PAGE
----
Now about the route itself...this is the scariest train route in the entire world. Again, I know this is a kids movie, but the grades, speed and moves that this train pulls off is more akin to The Fast and the Furious. See for yourself:

I guess it's a fun ride to say the least. And since miraculously no one was hurt, the ride continues to the North Pole, with hot chocolate for the kids. Throughout the movie, or at the very least during the first few scenes with him, I thought the conductor was a little edgy for the kids. Which is probably how it would be in real life, the conductor wanting an orderly and on time train, but we've already established that this movie is well into fantasy.

The girl in the car loses her ticket, and it appears is going to be thrown off the train, leading the main character to follow her and the conductor, and cross cars alone, in a storm, at max speed...this inevitably ends badly, and the kid finds himself on the roof of the car with a ghost, and is able to make his way down to the engine where the girl is now running the train. And that doesn't even cover what happened to the ticket!

After crisis is averted yet again, the kid finds himself in the first car, full of marionette puppets and the remnants of unwanted and thrown away toys. This is another jarring scene that does nothing other than add some creepy elements to a movie that really doesn't need it.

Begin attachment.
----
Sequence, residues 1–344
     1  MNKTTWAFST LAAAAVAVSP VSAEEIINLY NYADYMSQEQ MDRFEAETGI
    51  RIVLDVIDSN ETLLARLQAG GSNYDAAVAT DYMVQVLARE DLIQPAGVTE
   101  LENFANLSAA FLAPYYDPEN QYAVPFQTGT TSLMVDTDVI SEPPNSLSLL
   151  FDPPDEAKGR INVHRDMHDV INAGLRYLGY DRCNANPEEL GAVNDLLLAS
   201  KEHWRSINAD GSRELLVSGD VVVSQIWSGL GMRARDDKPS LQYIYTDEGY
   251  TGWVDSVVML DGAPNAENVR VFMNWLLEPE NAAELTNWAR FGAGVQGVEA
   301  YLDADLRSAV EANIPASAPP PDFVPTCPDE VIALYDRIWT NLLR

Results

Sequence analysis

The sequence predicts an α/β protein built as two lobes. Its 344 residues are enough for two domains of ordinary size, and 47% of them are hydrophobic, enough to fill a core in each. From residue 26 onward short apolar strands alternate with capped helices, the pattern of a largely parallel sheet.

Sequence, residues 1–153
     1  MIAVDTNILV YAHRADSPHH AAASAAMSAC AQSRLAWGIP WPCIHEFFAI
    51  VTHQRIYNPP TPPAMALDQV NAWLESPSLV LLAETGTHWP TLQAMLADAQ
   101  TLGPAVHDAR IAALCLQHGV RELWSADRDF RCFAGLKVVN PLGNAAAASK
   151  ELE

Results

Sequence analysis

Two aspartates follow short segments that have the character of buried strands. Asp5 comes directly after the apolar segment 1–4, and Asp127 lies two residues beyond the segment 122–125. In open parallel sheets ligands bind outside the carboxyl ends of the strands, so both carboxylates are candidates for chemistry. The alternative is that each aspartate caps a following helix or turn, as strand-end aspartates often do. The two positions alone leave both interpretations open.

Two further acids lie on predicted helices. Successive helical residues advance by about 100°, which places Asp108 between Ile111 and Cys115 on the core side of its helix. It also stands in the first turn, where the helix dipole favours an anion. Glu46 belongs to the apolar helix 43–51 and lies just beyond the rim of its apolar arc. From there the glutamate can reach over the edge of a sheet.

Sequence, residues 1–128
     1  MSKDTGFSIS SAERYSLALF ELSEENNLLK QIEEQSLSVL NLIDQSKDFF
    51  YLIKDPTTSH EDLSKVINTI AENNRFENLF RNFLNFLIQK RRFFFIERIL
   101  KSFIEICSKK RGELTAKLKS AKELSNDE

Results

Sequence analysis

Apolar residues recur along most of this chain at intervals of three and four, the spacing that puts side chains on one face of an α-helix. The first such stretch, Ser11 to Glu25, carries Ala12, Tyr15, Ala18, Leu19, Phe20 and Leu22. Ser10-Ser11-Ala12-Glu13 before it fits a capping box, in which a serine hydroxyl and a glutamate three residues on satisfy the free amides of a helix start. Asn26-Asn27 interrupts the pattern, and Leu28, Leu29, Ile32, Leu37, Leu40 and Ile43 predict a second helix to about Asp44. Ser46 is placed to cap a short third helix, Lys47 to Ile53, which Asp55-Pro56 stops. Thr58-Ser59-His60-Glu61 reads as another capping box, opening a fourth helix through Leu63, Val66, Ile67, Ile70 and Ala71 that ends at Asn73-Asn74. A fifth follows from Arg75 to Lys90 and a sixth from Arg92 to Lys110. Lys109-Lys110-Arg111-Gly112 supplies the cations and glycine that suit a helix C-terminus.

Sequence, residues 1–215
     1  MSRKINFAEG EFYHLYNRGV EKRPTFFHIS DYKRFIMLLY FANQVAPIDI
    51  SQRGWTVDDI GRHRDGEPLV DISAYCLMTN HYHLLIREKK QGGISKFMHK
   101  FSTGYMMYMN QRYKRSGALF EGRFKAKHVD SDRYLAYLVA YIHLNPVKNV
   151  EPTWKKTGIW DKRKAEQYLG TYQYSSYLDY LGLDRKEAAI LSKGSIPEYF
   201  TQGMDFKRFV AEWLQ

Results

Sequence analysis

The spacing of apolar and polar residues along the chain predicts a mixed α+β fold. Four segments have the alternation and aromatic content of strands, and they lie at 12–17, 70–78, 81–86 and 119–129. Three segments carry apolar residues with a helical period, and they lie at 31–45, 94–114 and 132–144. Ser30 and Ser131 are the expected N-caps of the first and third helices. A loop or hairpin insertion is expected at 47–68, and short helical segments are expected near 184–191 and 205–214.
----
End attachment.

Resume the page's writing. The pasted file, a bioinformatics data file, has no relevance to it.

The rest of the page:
They finally make their way to the North Pole, and the girl, another boy and the protagonist get separated from the rest of the group, and must cross railroad ties that must be hundreds of feet up with nothing to guard against them falling.

Is this a Skyrim level? Nope, a kids movie.
While this scene will freak anyone out who's afraid of heights, I really think the animation and art style of the North Pole, and this scene in particular is amazing.

Fast forwarding a bit, and Santa is about to depart on his sleigh for the night (it's been 11:55 for most of the 2nd half of the movie). The kid doesn't see Santa until he screams out that he believes. Ultimately, I'm not sure what, if any message this movie has, but it certainly has one, since upon the return trip, the conductor punches each of the kid's tickets with a cryptic note.

"Lead" for the girl who was briefly engineering the train.
"Learn" for the know-it-all kid.
"Believe" for the protagonist

The return trip is much less eventful than when they headed to the North Pole.

Overall, this is a good movie provided you don't take it seriously, or try to decipher it as anything more than simply a Christmas train movie. There are parts that seem a little overblown as well as some needlessly dark moments, but it ultimately survives under it's own weight.

Much like the Polar Express.

As always I hope you enjoyed today's blog, and thanks as always for reading! And finally, have a Merry Christmas, Happy Hanukkah, a Crazy Kwanzaa, a tip-top Tet, and a solemn, dignified Ramadan.


  1. The original concept was for this to be a live action film. The studio was looking for a locomotive close to Grand Rapids, where the story is set, when they contacted the MSTRP (aka Steam Railroading Institute). When they found out what it would cost to lay tracks down a street in Grand Rapids, they decided to make the film into an animated adventure.